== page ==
MH: Well, what's funny is in legacy applications is any app i wrote yesterday so it might be an Excel spreadsheet app, or it might a Google App Engine app that I wrote yesterday, it's legacy today because I'm off building something else. So what you want to do is you again want to use some of those application portfolio management tools to say, okay, which is most important to my business or which is the most variable of types of applications.

And now, how can I move those? Can I move those into a cloud framework? And for something like an Excel spreadsheet, well, that's going to be tough to do although you can use remote desktop techniques into a Windows image that's running into a cloud but it syncs still single user, single threaded, single screen type of application. But if you look back on say, business IT applications of a bygone era, those that used CICS, or DB2, or IMS, these transaction managers, applications written in COBOL, PL1.

What's interesting about those applications that might be running on mainframe systems, mainframe transaction managers today, those are actually perfectly suited for running in the cloud if you could get that compatibility layer once again. Because applications that were built to run 20 years ago on mainframes of the era, they were supporting maybe a thousand users on a machine as powerful as a smartphone today in terms of memory, and in terms of processing power.

When I got into this business, the mainframe was 6 MIPS of processing power and 6 megabytes of RAM. Well, you got more power than that in your smartphone. Yet they supported a thousand concurrent terminal users. In other words, those applications and the application frameworks could support this multi-tenant, multi-user capability very well and they used a technique that's very similar to RESTful web services today. So what you see is the same techniques that were essentially invented 20 years ago to support large amounts of users on less powerful hardware platforms now work perfectly for scaling those applications out into the cloud and then scaling them up to potentially tens of thousands of transactions. And so the key then again is to make sure that the platform supports all of those same APIs so applications can move seamlessly into the cloud.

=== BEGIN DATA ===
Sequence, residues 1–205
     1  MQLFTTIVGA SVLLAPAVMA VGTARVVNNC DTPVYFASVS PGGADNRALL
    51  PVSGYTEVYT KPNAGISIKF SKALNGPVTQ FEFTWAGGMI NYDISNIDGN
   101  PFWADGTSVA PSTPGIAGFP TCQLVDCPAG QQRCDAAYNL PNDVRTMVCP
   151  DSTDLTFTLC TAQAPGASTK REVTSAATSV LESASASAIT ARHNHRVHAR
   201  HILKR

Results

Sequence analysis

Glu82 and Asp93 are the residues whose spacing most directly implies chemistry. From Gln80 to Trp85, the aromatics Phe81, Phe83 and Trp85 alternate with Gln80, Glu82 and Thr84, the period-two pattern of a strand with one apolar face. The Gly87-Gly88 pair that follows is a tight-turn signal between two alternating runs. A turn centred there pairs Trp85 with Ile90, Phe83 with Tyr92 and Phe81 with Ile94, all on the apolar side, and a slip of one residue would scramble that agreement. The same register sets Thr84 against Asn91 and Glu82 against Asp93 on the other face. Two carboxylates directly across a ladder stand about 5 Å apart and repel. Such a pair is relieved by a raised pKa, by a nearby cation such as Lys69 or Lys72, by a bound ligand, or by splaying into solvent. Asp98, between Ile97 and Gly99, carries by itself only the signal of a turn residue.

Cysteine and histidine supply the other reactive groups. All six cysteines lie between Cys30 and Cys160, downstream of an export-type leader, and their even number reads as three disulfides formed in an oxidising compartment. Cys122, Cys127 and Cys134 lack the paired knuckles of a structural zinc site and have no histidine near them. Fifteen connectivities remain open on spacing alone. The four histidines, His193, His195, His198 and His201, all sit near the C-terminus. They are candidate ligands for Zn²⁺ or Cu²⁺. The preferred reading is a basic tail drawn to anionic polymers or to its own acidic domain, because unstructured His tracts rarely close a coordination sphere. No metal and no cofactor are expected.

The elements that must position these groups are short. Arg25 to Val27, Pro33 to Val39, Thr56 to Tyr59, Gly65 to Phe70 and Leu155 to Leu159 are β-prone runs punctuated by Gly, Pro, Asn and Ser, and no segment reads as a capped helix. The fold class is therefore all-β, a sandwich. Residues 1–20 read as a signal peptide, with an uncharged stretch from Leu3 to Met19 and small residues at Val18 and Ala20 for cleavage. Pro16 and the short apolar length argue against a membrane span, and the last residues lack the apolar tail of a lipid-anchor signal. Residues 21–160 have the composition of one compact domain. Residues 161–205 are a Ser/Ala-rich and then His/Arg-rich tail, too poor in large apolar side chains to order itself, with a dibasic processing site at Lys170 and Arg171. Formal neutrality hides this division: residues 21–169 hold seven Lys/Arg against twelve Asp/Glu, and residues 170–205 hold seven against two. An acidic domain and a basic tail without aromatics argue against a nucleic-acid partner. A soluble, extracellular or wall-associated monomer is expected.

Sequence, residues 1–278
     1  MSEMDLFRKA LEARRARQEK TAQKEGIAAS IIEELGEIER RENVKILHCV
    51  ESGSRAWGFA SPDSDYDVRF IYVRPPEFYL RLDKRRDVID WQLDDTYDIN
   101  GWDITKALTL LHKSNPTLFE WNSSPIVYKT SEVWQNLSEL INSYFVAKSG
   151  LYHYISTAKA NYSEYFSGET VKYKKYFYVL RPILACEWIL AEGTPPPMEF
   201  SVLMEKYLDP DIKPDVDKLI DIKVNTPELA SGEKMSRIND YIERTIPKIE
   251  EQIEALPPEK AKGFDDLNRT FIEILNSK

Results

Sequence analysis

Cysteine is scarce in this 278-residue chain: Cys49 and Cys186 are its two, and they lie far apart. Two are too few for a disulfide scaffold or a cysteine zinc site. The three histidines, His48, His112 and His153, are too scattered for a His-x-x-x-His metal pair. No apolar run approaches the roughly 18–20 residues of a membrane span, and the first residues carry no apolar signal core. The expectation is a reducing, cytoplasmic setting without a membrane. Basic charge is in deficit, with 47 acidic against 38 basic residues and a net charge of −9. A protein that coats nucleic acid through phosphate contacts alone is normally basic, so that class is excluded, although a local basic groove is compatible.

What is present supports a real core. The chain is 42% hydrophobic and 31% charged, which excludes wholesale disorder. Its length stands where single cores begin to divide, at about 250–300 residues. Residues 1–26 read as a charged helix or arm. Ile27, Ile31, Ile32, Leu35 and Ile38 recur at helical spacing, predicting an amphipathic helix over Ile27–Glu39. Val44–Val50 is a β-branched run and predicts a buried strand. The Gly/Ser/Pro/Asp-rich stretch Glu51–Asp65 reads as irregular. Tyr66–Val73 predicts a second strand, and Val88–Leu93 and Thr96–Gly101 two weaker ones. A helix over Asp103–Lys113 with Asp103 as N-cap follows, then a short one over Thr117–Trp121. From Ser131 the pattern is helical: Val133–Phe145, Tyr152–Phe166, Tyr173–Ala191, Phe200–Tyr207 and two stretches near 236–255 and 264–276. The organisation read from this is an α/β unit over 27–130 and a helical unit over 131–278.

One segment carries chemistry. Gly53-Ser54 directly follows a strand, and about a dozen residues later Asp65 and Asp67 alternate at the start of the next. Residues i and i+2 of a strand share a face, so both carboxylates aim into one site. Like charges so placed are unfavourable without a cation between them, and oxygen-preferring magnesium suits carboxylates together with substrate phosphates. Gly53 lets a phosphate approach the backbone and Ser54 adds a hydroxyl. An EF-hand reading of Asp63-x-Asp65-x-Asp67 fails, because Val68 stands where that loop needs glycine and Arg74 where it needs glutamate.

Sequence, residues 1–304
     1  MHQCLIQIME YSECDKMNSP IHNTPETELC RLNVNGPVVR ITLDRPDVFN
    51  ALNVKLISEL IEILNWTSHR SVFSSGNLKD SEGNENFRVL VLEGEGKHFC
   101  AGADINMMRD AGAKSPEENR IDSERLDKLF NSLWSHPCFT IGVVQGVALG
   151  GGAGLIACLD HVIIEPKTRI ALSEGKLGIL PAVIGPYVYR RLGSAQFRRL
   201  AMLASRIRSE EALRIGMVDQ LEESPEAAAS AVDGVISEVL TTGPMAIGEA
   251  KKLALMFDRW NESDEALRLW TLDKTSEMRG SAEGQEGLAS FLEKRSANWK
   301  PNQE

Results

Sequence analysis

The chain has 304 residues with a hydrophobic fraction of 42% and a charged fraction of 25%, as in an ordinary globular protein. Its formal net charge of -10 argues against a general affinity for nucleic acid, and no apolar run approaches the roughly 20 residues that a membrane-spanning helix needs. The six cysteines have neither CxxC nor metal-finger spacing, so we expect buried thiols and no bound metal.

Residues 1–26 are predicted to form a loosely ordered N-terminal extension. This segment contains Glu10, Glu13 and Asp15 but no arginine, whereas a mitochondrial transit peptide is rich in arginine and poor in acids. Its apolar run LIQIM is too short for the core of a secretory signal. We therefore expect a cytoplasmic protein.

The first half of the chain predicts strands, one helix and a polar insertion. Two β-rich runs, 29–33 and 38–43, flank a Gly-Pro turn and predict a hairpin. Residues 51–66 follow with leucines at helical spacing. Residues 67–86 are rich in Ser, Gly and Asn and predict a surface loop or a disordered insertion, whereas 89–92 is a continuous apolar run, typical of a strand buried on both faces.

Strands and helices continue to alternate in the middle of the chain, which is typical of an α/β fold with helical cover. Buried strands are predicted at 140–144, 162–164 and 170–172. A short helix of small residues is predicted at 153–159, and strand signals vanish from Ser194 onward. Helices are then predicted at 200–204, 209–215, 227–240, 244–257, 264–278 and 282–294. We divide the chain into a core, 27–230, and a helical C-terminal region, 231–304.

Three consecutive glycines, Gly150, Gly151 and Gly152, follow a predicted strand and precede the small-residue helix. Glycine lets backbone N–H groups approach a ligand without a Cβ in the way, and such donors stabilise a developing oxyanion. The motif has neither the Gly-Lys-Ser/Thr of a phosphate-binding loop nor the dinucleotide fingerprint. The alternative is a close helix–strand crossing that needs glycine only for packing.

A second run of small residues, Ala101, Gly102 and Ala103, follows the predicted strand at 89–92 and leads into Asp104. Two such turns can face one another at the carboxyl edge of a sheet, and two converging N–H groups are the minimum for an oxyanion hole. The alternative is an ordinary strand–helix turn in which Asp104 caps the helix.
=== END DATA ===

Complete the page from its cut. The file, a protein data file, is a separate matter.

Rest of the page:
PS: Interesting. Now, in terms of applications testing, does it make sense for companies to do application testing in the cloud?

MH: Yeah, again with this CloudBurst application testing environment that I mentioned earlier based on SilkPerformer, is basically -- it still works pretty much the same so as the SilkPerformer tool that's been around for a long time so you still build the tests, and construct them, and manage them from like a desktop GUI, that's nice. But then when you push the button, okay, now let me do stress testing and let me start ramping up over time from 1 concurrent user to 10, to 100, to 1,000, to 10,000 or more. Some of our early customers are already testing next Christmas' Christmas shopping websites so naturally they're trying to test 100,000 concurrent users or other customers are testing next tax year's online tax preparation software so now you're talking about hundreds of thousands of concurrent users that you need to test.

Well, why are you going to go out and buy on-premise hardware to do that level of stress testing or performance testing? Just use the cloud to drive those web service requests. So as long as an application is web service based, or web paged based, Web 2.0, Web 1.0, or similar kinds of technologies you can design tests and then push them up into this testing-as-a-service platform. And then they go off, they do their testing for a day, or a week, or whatever and then report back to the testers to what the efficiency is and the expected performances.

ebizQ’s expert blog team covers a broad range of BPM, business integration, business analytics/monitoring, collaboration, content and related issues.

Peter Schooff

Peter Schooff is Contributing Editor at ebizQ, and manager of the ebizQ Forum. Contact him at pschooff@techtarget.com